We have therefore lowered our standard of review when evaluating the validity of exclusions that entrust only to citizens important elective and nonelective positions whose operations "go to the heart of representative government." "While not retreating from the position that restrictions on lawfully resident aliens that primarily affect economic interests are subject to heightened judicial scrutiny . . . we have concluded that strict scrutiny is out of place when the restriction primarily serves a political function. . . ." C

To determine whether a restriction based on alienage fits within the narrow political-function exception, we devised in Cabell a two-part test.


We now turn to Article 5949(2) to determine whether it satisfies the Cabell test. The statute provides that "[t]o be eligible for appointment as a Notary Public, a person shall be a resident citizen of the United States and of this state . . ." Unlike the statute invalidated in Sugarman, Article 5949(2) does not indiscriminately sweep within its ambit a wide range of offices and occupations but specifies only one particular post with respect to which the State asserts a right to exclude aliens. Clearly, then, the statute is not overinclusive; it applies narrowly to only one category of persons: those wishing to obtain appointments as notaries. Less clear is whether Article 5949(2) is fatally underinclusive. Texas does not require court reporters to be United States citizens even though they perform some of the same services as notaries. Nor does Texas require that its Secretary of State be a citizen, even though he holds the highest appointive position in the State and performs many important functions, including supervision of the licensing of all notaries public. We need not decide this issue, however, because of our decision with respect to the second prong of the Cabell test.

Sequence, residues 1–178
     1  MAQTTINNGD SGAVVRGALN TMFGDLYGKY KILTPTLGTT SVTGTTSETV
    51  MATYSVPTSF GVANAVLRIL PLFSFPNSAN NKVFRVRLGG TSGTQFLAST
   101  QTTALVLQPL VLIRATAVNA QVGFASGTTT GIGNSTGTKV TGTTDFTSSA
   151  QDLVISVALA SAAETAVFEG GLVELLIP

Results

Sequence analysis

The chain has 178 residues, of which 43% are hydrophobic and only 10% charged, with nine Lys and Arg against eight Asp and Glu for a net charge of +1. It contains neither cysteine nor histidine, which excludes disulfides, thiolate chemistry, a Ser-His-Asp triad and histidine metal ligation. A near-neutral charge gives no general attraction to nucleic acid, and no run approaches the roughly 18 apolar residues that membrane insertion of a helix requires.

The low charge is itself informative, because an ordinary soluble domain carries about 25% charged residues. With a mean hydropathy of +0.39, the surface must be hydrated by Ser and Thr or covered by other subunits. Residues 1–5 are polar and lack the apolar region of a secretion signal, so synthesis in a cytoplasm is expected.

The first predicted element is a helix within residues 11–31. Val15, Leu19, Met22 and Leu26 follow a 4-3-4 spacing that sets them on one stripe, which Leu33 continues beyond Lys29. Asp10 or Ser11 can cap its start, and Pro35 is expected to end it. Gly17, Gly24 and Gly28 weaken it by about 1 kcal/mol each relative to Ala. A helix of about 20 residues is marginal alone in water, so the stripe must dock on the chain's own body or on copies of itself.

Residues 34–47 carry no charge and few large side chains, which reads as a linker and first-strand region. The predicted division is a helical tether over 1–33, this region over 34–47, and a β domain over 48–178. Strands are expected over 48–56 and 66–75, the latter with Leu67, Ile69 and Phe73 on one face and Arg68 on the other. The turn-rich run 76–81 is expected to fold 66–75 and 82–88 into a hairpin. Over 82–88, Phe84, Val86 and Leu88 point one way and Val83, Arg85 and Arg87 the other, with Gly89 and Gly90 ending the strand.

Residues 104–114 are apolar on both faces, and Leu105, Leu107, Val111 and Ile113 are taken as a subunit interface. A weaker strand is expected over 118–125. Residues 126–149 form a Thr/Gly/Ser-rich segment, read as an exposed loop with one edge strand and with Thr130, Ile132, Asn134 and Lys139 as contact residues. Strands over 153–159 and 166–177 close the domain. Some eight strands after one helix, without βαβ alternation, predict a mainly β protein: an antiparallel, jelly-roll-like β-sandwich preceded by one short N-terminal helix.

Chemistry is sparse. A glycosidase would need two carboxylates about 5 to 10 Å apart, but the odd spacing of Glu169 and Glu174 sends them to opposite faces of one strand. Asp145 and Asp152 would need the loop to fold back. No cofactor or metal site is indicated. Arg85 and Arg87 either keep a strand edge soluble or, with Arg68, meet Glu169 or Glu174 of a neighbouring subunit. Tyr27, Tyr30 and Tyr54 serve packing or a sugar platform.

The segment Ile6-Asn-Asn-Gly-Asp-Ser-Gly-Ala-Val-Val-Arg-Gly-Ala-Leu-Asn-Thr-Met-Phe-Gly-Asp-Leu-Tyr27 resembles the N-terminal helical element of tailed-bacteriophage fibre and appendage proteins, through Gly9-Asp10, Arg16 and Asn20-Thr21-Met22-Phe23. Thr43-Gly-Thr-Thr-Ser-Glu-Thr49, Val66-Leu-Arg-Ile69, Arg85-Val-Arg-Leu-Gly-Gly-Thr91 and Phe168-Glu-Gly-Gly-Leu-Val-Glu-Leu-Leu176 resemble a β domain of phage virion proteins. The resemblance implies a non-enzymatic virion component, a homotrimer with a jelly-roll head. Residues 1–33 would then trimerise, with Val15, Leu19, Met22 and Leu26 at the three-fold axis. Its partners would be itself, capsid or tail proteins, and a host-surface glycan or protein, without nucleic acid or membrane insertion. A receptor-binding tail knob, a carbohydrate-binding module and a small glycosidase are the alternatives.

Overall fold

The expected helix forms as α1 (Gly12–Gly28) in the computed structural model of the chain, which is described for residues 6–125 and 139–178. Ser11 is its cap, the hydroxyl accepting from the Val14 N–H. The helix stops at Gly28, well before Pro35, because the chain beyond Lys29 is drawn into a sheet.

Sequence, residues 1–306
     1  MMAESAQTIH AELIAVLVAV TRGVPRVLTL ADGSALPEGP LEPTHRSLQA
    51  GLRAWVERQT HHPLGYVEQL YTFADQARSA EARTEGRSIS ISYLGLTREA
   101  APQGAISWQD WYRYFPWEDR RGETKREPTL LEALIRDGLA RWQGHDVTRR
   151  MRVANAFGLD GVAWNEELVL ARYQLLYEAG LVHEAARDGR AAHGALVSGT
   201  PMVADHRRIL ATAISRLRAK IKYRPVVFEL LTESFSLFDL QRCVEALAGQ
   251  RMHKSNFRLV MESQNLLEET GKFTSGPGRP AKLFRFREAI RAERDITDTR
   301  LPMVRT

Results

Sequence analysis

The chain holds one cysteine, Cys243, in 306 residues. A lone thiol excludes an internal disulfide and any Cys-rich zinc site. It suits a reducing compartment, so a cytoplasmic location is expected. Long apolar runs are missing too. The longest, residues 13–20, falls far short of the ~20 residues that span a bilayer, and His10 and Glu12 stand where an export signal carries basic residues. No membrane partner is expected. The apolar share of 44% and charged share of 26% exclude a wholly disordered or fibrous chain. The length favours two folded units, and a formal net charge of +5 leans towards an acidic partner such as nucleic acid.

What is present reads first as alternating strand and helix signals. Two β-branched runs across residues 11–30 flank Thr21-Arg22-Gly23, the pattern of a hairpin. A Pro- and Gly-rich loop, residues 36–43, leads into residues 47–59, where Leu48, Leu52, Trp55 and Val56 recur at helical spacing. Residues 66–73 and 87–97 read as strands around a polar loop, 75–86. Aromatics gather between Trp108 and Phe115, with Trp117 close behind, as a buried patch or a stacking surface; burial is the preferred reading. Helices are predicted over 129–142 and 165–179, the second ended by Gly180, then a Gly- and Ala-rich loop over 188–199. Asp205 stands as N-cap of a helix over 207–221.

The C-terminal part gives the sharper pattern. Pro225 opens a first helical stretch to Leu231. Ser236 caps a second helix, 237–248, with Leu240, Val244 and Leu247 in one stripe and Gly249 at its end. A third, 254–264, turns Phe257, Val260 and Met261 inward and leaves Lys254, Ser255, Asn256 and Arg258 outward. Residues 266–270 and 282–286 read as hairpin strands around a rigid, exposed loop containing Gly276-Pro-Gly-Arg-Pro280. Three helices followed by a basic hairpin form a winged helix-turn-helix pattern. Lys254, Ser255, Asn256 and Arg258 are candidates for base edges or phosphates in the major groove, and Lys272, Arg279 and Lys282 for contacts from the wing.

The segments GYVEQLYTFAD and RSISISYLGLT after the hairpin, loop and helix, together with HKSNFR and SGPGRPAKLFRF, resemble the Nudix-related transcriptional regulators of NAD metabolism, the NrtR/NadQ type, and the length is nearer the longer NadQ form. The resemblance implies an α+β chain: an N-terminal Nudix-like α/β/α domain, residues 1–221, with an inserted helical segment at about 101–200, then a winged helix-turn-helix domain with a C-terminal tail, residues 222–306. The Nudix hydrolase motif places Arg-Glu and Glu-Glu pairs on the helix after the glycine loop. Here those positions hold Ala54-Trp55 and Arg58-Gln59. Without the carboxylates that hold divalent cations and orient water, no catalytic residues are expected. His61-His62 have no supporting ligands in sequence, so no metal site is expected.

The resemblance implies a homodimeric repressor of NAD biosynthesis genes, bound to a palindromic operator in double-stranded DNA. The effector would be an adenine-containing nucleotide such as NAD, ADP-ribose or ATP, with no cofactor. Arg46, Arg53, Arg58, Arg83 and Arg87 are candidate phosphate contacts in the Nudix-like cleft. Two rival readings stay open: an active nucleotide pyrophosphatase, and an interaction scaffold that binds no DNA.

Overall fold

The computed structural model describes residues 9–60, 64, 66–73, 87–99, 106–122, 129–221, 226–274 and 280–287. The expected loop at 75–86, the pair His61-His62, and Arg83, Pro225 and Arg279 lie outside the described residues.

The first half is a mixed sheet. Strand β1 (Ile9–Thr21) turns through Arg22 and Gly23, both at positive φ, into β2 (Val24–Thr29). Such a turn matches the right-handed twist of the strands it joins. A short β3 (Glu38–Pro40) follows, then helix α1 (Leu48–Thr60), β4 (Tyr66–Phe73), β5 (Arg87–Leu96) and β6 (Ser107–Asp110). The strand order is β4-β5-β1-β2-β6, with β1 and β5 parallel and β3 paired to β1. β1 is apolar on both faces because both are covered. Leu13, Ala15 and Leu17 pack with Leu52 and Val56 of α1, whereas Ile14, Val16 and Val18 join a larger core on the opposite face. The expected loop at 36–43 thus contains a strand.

In support of the proposition that notaries public fall within that category of officials who perform functions that "go to the heart of representative government," the State emphasizes that notaries are designated as public officers by the Texas Constitution.  Texas maintains that this designation indicates that the State views notaries as important officials occupying posts central to the State's definition of itself as a political community. This Court, however, has never deemed the source of a position - whether it derives from a State's statute or its Constitution - as the dispositive factor in determining whether a State may entrust the position only to citizens. Rather, this Court has always looked to the actual function of the position as the dispositive factor. The  focus of our inquiry has been whether a position was such that the officeholder would necessarily exercise broad discretionary power over the formulation or execution of public policies importantly affecting the citizen population - power of the sort that a self-governing community could properly entrust only to full-fledged members of that community....